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E-M:/ FW: Christie Todd Whitman Quits - AP story:

Enviro-Mich message from "Rita Jack" <rita.jack@sierraclub.org>

EPA Administrator Christine Todd Whitman Resigns
Resignation Effective June 27

By John Heilprin
The Associated Press
Wednesday, May 21, 2003; 10:22 AM

Christine Todd Whitman, often at odds with the Bush White House over
environmental issues and a lightning rod for the administration's
resigned Wednesday as head of the Environmental Protection Agency.

Whitman said in a letter to President Bush that she was leaving to spend
time with family. "As rewarding as the past two-and-a-half years have
for me professionally, it is time to return to my home and husband in
Jersey, which I love just as you do your home state of Texas," she wrote

With Whitman's departure as EPA administrator, Bush loses one of the
prominent women in his Cabinet - a moderate former New Jersey governor
selected by the president to help soften his image as a political
conservative, particularly on environmental issues. Whitman had a
history of
clashing with the White House, starting with the president's abrupt
to withdraw from the international global warming treaty. She had been
administration's point person in rolling back environmental protections
initiated by previous administrations.

As his re-election campaign gears up, Bush's senior staff and advisers
consider the next few months as optimum time to leave the government;
otherwise, they will be expected to remain aboard until after the 2004
election. White House press secretary Ari Fleischer announced Monday
that he
will resign in July. Bush will be under pressure to replace Whitman with
nominee who will acceptable to his GOP supporters without alienating
voters who tend to be wary of Republicans on the environment.

Whitman, a former New Jersey governor, said her resignation is effective
June 27. She met with Bush at the White House on Tuesday afternoon to
him of her decision, the agency said.

Whitman, in her letter, defended the administration's environmental
which have been under attack by environmentalists as a series of
in protecting the nation's air, water and land. "Our work has been
guided by
the strong belief that environmental protection and economic prosperity
and must go hand-in-hand," she wrote. "The EPA has built an enviable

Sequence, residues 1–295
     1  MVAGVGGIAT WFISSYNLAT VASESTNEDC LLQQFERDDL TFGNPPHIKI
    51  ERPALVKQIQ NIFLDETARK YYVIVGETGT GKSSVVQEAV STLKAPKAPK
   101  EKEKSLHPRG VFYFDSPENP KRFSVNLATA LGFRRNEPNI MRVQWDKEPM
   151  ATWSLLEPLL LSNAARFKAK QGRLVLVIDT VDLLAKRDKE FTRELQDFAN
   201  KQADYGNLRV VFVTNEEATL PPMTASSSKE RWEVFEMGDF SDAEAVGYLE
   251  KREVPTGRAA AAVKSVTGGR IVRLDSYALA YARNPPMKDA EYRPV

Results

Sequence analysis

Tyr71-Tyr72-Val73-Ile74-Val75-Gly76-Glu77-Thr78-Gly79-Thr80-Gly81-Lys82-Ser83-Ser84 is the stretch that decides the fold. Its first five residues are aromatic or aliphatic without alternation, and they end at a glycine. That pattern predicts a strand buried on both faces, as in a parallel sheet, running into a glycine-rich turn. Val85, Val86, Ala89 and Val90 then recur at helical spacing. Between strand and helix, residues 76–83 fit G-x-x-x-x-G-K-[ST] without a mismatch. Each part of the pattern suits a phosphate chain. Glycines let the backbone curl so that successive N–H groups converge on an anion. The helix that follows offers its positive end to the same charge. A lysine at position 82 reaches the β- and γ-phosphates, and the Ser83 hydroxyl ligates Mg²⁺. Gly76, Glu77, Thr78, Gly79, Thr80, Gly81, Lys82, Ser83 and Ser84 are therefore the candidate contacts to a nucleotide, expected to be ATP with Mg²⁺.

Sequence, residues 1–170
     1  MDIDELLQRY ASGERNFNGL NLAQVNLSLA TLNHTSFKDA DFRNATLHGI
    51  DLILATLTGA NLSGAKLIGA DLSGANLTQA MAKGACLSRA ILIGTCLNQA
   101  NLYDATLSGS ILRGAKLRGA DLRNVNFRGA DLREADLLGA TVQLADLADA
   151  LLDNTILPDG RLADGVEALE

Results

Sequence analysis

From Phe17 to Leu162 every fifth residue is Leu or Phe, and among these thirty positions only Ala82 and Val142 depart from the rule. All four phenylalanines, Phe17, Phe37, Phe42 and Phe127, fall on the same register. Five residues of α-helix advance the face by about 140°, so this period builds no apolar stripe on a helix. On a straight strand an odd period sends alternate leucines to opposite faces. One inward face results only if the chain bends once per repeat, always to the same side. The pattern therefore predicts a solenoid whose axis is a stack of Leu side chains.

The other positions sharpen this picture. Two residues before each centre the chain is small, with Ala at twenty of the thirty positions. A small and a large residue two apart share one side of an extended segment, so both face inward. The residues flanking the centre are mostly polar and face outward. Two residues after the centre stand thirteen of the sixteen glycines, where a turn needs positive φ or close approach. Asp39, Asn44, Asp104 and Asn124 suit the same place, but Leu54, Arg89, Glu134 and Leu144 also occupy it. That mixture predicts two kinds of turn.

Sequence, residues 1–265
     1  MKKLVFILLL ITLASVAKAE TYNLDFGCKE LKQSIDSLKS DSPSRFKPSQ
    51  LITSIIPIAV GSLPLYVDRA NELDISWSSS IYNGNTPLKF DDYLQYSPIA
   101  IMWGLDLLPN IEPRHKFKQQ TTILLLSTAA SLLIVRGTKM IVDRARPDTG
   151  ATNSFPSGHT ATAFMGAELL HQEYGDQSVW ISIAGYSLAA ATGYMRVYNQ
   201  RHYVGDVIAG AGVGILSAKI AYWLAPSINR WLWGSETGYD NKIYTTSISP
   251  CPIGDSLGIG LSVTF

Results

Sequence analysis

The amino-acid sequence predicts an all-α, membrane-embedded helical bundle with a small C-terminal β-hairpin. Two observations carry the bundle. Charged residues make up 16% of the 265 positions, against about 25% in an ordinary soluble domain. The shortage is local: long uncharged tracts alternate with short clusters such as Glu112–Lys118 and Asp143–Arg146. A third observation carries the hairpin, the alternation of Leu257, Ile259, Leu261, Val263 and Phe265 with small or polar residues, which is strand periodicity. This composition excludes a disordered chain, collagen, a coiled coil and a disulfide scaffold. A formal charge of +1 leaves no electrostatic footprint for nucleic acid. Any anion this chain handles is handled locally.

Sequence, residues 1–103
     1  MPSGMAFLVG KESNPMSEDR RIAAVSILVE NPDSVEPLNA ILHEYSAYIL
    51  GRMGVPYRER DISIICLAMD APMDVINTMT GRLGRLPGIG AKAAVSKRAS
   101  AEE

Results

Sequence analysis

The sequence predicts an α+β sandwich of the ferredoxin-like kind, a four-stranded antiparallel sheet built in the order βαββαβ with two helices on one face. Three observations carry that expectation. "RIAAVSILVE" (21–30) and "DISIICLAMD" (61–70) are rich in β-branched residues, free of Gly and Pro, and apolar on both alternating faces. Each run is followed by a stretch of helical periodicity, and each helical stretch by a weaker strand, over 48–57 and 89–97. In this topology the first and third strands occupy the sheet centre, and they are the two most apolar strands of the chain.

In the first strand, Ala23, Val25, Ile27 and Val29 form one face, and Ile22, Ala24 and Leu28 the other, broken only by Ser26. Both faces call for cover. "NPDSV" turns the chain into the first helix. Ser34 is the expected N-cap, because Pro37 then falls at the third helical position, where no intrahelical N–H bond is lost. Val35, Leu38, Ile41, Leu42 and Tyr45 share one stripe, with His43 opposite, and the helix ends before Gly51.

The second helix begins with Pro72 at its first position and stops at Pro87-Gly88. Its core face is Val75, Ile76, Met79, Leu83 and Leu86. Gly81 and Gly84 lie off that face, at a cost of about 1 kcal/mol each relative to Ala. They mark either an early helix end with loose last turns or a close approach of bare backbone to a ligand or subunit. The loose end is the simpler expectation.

of success that will result in significant improvements to the state of
nation's treasured environment."

She pointed to initiatives to reduce pollution from off-road diesel
a push to cut pollution from school buses and "our aggressive and
efforts to enforce the nation's environmental laws." She said she was
of the EPA work under her leadership.

Whitman, 56, joined the administration after seven years as governor of
Jersey, where she made preservation a priority but never managed to
environmentalists she was one of them. Critics said that in the name of
attracting businesses, she compromised water pollution protections and
spending for state offices that prosecute environmental abuses by

Whitman, an avid mountain biker and skier, insisted she retained needed
protections while eliminating red tape. When the Bush administration
office, Whitman had only the briefest honeymoon. Within the first three
months, she had upset industry executives and conservationists,
moderates who like her and angered conservatives who don't.

The conservation group Friends of the Earth wasted little time in urging
to resign, saying that Bush's decisions on the environment had
her credibility. But Whitman stood steadfastly behind Bush, even when
own disagreements became public.

As she did while New Jersey governor, Whitman frequently hit the road
official as well as political trips around the country. But she said her
goal was to spend weekends, when possible, back home in New Jersey.
important for my sanity," she said.

C 2003 The Associated Press

Ken Midkiff
Director, Sierra Club Clean Water Campaign
1007 N. College Ave.
Columbia, MO  65201

Ph: 573-256-5705
FAX: 573-256-8816

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